The UCI statement said “new leadership took over and transformed” the anesthesiology department in 2008, putting in place new training and policies, including “an electronic record keeping system that does not permit the practices alleged.”

O’Connor, who now works at the Veterans Administration Hospital in Long Beach, remains wary of UCI Medical Center. “I won’t go there, and I wouldn’t take my family there,” he said.

The medical center has suffered a number of scandals in the last 18 years. In 1995, fertility doctors were accused of stealing patients’ eggs and embryos and implanting them in other women without permission. In 2005, the hospital shut its liver transplant program after federal funding was withdrawn. The action came after The Times reported that 32 people died awaiting livers, even as doctors turned down organs that later were transplanted elsewhere.

DWC Posts Updated Fact Sheets for Injured Workers

The Division of Workers’ Compensation (DWC) has posted updated fact sheets for injured workers on its website. The updated fact sheets provide injured workers with answers to frequently asked questions about issues affecting their benefits, and include changes mandated by Senate Bill 863.

“The fact sheets help injured workers and other parties understand the sometimes complicated process of workers’ compensation,” said DWC acting Administrative Director Destie Overpeck. “We have updated the fact sheets to reflect the changes made by SB 863.”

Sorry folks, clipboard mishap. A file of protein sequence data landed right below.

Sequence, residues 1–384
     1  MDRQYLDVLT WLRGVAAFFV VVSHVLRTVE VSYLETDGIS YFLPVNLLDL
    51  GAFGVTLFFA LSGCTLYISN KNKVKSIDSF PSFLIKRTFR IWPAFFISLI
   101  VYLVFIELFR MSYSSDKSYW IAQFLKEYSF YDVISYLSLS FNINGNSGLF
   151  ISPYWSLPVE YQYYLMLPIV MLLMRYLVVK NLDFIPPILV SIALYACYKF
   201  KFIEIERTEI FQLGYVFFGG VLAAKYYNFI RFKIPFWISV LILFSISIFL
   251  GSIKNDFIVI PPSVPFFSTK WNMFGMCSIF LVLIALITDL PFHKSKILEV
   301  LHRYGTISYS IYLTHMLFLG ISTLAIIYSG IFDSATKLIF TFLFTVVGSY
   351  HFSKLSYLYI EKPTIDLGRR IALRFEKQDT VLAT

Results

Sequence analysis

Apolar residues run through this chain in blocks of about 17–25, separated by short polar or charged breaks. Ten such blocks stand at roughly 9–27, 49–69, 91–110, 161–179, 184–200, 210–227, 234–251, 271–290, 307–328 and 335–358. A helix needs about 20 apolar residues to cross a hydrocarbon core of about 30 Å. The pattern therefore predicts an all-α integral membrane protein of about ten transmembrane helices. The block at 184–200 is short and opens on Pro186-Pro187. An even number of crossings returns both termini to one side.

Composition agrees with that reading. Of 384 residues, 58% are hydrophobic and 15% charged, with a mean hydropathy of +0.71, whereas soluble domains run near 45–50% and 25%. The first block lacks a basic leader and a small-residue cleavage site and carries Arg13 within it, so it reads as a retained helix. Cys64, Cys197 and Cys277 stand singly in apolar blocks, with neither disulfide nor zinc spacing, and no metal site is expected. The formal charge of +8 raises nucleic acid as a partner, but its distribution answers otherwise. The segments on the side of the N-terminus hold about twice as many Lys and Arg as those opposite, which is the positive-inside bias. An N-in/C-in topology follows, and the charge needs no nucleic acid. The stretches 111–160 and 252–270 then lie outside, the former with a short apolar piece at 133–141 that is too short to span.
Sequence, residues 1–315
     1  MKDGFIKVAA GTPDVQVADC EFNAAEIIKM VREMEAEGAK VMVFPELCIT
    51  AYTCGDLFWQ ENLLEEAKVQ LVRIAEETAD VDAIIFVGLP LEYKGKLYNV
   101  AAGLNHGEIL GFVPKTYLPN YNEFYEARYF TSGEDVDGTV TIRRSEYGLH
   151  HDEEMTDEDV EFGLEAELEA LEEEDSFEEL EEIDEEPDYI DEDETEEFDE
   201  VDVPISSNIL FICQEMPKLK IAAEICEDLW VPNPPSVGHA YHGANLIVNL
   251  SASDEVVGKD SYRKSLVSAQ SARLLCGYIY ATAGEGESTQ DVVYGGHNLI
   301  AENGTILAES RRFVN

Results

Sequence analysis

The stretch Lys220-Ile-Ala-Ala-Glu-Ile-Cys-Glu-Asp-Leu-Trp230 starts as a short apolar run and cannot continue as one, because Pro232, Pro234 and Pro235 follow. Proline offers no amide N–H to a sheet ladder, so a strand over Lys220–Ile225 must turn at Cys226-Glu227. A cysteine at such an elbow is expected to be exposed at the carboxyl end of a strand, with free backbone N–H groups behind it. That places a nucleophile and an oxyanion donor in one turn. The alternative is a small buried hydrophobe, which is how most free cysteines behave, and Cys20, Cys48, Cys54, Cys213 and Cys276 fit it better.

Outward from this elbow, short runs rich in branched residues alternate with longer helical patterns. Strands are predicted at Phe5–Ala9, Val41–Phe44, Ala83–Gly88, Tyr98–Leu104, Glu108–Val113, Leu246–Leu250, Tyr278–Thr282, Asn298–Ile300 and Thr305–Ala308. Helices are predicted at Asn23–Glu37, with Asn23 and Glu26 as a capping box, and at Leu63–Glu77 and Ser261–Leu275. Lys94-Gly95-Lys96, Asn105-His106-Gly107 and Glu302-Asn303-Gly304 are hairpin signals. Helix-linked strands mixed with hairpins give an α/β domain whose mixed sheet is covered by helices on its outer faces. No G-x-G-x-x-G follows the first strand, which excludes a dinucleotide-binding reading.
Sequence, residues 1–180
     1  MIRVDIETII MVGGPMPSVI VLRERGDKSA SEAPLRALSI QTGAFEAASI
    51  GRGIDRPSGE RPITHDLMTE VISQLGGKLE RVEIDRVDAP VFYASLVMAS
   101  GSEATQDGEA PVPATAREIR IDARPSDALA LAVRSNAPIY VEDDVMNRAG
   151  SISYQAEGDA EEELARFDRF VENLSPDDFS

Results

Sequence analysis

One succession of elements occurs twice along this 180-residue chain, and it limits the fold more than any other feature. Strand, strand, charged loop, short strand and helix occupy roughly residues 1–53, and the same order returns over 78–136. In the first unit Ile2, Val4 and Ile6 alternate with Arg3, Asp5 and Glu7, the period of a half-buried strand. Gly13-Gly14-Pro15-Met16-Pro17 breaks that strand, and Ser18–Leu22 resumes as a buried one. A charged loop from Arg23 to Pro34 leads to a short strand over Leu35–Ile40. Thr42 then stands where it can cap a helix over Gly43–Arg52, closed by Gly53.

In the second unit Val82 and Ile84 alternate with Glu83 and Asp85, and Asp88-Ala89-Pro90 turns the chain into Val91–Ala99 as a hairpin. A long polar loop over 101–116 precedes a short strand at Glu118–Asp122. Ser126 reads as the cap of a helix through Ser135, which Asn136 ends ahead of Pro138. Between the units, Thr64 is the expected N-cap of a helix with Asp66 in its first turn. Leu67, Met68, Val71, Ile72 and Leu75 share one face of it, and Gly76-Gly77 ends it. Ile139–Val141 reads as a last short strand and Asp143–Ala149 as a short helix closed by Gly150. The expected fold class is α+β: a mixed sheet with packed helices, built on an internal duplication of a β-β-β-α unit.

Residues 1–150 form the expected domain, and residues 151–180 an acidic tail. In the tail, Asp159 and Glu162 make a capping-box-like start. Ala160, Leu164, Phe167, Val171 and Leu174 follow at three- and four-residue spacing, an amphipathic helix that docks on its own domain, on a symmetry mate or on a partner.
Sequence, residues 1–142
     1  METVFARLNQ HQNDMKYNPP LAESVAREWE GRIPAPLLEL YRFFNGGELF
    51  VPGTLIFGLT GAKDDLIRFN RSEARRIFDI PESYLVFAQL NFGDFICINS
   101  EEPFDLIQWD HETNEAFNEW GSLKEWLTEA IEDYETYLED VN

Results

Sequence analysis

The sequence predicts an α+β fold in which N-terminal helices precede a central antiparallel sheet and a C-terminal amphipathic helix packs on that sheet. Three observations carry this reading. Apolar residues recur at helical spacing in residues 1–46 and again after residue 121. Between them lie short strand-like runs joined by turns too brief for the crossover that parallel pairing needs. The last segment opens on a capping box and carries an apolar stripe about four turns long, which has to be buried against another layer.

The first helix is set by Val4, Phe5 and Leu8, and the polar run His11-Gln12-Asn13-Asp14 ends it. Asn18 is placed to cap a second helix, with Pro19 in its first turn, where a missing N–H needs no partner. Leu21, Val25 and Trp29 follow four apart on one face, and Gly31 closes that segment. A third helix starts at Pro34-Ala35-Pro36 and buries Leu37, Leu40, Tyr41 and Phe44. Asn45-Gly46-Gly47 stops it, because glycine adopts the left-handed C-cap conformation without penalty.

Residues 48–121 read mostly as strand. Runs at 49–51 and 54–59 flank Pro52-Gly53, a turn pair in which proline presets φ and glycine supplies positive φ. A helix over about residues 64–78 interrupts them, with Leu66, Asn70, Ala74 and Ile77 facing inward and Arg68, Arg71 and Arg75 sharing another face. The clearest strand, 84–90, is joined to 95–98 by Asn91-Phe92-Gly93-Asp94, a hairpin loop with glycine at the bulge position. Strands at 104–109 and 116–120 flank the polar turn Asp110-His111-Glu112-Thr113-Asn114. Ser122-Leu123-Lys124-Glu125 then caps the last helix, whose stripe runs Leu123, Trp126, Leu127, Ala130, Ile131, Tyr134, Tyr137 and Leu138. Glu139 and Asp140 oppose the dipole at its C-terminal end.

The fact sheets cover such topics as temporary disability benefits, permanent disability benefits, supplemental job displacement benefits, and medical care. They are available to employers and insurers who are required to comply with benefit notice regulations.

The updated fact sheets are available for immediate use in English and Spanish.

Feds Fraud Warning Targets Physician Owned Distributorships (PODs)

A federal government watchdog has issued a warning about the risk for fraud when doctors buy an ownership interest in a medical device distributor and then share in its profits from sales to hospitals.

In its March 20 report, the Department of Health and Human Services, Office of Inspector General issued a “Special Fraud Alert” that addresses physician-owned entities that derive revenue from selling, or arranging for the sale of, implantable medical devices ordered by their physician-owners for use in procedures the physician-owners perform on their own patients at hospitals or ambulatory surgical centers (ASCs).

These entities frequently are referred to as physician-owned distributorships, or “PODs.” A “POD” is any physician-owned entity that derives revenue from selling, or arranging for the sale of, implantable medical devices and includes physician-owned entities that purport to design or manufacture, typically under contractual arrangements, their own medical devices or instrumentation. Although this Special Fraud Alert focuses on PODs that derive revenue from selling, or arranging for the sale of, implantable medical devices, the same principles would apply when evaluating arrangements involving other types of physician-owned entities.

PODs are most commonly used in orthopedics.

Longstanding OIG guidance makes clear that the opportunity for a referring physician to earn a profit, including through an investment in an entity for which he or she generates business, could constitute illegal remuneration under the anti-kickback statute. The anti-kickback statute is violated if even one purpose of the remuneration is to induce such referrals.